Dartoids World

Column #121 Where’s Tommy’s Shorts?

July 1, 2002
Column 121
Where’s Tommy’s Shorts?

The mood is very festive here, as hundreds of fun-loving darters have gathered for the first ever Professional Darts Corporation’s (PDC) Las Vegas Desert Classic, along with an equal number of fun-loving, bomb sniffing dogs.

Yes, security is tight in Sin City. This is because the FBI is investigating a man’s report that he might have inadvertently eavesdropped on two unidentified subjects discussing a possible July 4 terrorist attack on the gambling capital. Michael Hamden, born in Lebanon, claims to have heard the conversation, which was in Arabic, while driving down the Last Vegas Strip two weeks ago.

“He was saying, ‘We are here in the city of corruption, the city of gambling and prostitution, the city of unbelievers,'” Hamden told Las Vegas television station KLAS, ‘and they are talking about freedom. We are going to hit them on the day of freedom.'”

The intense security has already caused an unfortunate incident involving Tournament Director Tommy Cox’s underwear. Tommy, who painstakingly put on his briefs before catching a taxi to London’s Heathrow Airport, arrived in Las Vegas to find that they had mysteriously disappeared, right off of his body, somewhere en route. Apparently when Tommy reported this to airport security in Las Vegas they concluded that Tommy – and this is a direct quote – “was frickin’ nuts.”

But such minor “snafus” will in no way put a damper on the first ever Desert Classic, which is extremely important to the darting world, except for some of the leaders of the American Darts Association (ADO) who are noticeably absent from the event because, according to one source – and this is also a direct quote – “because, damnit, those Brits are a bunch of potato heads.”

Like hundreds of others, I crawled out of bed in the wee hours this morning and headed to the airport to begin my journey to the tournament. Five hours later I descended the steps of the plane into the oppressive 104 degree Las Vegas morning. Out of the sky dropped a lifeless baby robin, it’s little wings still smoldering from flapping hopelessly in the desert sun, or because it was playing with matches.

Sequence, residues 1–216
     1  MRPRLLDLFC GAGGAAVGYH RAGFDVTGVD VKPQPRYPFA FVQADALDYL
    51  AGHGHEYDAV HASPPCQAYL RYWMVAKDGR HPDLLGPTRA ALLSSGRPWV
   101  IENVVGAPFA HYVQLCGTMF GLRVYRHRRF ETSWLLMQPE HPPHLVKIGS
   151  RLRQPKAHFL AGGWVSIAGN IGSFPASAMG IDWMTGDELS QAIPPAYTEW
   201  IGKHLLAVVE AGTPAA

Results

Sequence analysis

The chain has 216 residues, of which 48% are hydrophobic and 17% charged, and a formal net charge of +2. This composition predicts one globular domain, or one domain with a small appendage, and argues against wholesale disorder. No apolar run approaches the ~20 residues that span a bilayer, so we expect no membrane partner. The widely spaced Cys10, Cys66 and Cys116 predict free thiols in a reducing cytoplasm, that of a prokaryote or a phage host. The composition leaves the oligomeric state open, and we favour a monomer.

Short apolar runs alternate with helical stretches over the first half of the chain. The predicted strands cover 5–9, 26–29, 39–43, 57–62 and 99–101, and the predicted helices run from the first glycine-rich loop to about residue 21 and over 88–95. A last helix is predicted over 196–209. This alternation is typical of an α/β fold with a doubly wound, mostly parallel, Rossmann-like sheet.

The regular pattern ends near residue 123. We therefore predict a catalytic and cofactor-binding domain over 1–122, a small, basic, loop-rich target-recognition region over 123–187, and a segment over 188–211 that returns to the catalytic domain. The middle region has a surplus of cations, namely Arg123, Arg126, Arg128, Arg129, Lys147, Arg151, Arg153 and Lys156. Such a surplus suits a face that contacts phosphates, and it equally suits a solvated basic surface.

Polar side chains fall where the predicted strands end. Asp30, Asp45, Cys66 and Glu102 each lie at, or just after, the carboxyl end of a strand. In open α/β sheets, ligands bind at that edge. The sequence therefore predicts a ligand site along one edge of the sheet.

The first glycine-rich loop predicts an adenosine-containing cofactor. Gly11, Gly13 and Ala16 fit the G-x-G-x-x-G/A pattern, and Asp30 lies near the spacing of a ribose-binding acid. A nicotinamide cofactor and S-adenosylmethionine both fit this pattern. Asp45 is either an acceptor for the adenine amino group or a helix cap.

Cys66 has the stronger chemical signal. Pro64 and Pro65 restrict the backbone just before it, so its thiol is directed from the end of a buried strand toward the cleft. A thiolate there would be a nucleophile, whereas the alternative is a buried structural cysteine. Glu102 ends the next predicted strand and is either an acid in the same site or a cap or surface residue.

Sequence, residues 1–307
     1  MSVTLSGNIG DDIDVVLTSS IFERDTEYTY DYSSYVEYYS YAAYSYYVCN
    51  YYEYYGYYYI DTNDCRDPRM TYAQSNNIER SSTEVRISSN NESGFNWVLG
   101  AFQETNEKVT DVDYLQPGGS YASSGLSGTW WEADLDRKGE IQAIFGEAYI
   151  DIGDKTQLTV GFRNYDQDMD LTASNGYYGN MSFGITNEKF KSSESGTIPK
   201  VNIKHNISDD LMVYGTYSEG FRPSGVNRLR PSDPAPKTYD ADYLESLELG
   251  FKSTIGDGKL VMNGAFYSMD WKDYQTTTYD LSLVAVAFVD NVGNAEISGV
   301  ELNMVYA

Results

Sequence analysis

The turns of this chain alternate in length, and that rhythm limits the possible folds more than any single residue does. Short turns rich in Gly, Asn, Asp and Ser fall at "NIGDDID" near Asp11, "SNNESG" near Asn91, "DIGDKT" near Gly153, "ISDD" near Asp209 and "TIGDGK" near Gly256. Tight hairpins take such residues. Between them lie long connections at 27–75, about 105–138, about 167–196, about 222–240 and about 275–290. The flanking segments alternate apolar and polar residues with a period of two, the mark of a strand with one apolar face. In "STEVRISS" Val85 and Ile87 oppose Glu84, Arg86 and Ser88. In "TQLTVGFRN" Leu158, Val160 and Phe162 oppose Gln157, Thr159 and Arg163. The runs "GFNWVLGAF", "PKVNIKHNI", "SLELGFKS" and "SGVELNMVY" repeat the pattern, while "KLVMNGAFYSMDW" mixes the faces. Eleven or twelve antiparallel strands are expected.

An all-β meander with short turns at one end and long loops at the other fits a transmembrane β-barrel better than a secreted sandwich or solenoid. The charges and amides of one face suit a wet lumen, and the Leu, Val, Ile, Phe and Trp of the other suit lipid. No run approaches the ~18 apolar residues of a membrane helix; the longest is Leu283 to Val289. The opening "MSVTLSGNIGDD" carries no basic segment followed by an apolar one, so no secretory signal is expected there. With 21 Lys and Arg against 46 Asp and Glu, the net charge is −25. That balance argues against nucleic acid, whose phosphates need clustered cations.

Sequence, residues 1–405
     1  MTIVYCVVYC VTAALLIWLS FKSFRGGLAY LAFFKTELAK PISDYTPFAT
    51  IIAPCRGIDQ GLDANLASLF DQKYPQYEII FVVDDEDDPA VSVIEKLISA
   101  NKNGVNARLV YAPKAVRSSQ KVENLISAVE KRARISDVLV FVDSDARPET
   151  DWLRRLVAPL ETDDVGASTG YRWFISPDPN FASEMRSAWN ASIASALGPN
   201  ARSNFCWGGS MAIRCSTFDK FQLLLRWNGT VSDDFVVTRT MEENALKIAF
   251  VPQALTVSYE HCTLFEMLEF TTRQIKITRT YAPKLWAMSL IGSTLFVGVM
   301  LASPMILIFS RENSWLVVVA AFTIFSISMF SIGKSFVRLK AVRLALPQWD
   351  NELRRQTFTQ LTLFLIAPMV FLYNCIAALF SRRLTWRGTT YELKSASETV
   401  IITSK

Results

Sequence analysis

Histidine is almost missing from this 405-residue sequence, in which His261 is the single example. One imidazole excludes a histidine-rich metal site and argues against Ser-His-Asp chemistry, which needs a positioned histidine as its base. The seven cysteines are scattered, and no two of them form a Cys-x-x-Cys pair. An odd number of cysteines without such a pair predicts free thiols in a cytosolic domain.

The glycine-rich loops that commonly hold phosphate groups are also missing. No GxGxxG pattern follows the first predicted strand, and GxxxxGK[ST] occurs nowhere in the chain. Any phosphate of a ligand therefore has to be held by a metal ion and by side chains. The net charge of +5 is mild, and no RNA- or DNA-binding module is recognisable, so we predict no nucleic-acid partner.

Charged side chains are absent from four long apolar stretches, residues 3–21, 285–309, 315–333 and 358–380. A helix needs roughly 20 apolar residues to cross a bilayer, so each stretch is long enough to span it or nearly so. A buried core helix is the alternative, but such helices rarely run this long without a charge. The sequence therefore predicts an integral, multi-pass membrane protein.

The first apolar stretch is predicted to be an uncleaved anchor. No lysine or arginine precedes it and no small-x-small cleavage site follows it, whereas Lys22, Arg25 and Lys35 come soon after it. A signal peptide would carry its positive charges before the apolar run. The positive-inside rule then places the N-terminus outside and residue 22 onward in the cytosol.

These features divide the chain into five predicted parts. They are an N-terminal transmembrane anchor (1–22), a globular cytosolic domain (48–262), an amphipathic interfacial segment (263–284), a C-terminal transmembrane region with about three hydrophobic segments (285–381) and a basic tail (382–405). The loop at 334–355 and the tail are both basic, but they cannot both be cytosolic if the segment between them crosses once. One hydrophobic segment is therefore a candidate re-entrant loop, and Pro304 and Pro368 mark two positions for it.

I arrived at my hotel, the San Remo, which is directly across the street from the MGM Grand Hotel and the Grand Arena, site of the event, about an half an hour later. The temperature had reached 110 degrees and people of advanced age, including one guy who looked like Jerry Umberger and another who resembled Marshall Popp, were starting to collapse on the sidewalks.

Tomorrow morning I’ll step to the line in the first of four qualifying rounds of 501 against the best darts shooters on the planet. In a way I feel a bit like the old sports writer, George Plimpton. Years ago Plimpton climbed into the ring to fight Archie Moore. Plimpton got his ass kicked. Undoubtedly that’s exactly what’s going to happen to me tomorrow, if my clothes don’t spontaneously combust and fry me like a burger first.

I wandered across the street to check out the darts hall and found it locked. This was probably because the Brits, always conscious of protocol, felt it best to keep the doors shut until somebody could locate a new pair of shorts for Tommy. I think this was a very wise decision and that it bodes well for how correctly this tournament is going to be run.

The biggie event today was Stacy Bromberg’s “Charity Challenge Warm Up Blind Draw” at CDs Lounge (3025 East Desert Inn) on the fringe of town. Joe “the Wiz” McElligott and ten-time World Champion, Phil Taylor, took on Bromberg and Paul Lim in a best-of-eleven 301 charity shoot to raise money for the Make-A-Wish Foundation. McElligott and Taylor took the match thanks in large part, believe it or not, to the clutch shooting of McElligott (who paid me to say this). Lim and Talyor then took on all challengers in 501 at $5 a pop to top up the Make-A-Wish kitty.

Among those also stepping up to do their part for the cause were Hal Coleman, Pat and Rose Carrigan, “Hat Trick” Patrick Lee, “Tupelo Honey” Kari Stevenson and her mother Terri, and Denver’s “Six Dart” Bart Compton, along with some 75 others.

I plunked down my money to show Taylor a thing or two and was left with a fat 389 points remaining when “the Power” headed out the door with a couple of showgirls under his arms. He was kind enough to inscribe a poster for me though. It says: “Don’t tell Tommy I’m wearing his knickers.”

So the Desert Classic is off to a great start. Gigantic big-screen displays are stationed around the MGM Grand Hotel announcing the event in spectacular high-tech living color. Taylor and others are captured in action thrilling enthusiastic crowds. The slots are clinking. The neon is flashing. The beer is flowing. Showgirls are everywhere. The atmosphere is simply out of this world, unlike any I have experienced ever before on the eve of a darts tournament.

Needless to say, over the next several day I will be delving deeply into the important issues here in this city of “corruption, gambling, prostitution and unbelievers.” As Freedom Day approaches I will be reporting my findings to you. Time permitting, and provided a terrorist or a showgirl or the heat doesn’t get me first — and assuming some bloke doesn’t rip off my jockeys — I may also report on the actual tournament itself.

From the Field,



  • Dartoid

    "Dartoid" is the pseudonym of Paul Seigel, a prominent chronicler of darts for over 35 years. His columns are celebrated for their wit and insight, often detailing his quest for a game in exotic locales worldwide. His writing offers vibrant commentary on the competitive darts landscape, including players, organizations, tournaments and the sport's unique culture. Dartoid's articles are highly regarded among darts enthusiasts, solidifying his role as a pivotal figure in promoting and documenting darts as both a recreational pastime and professional sport.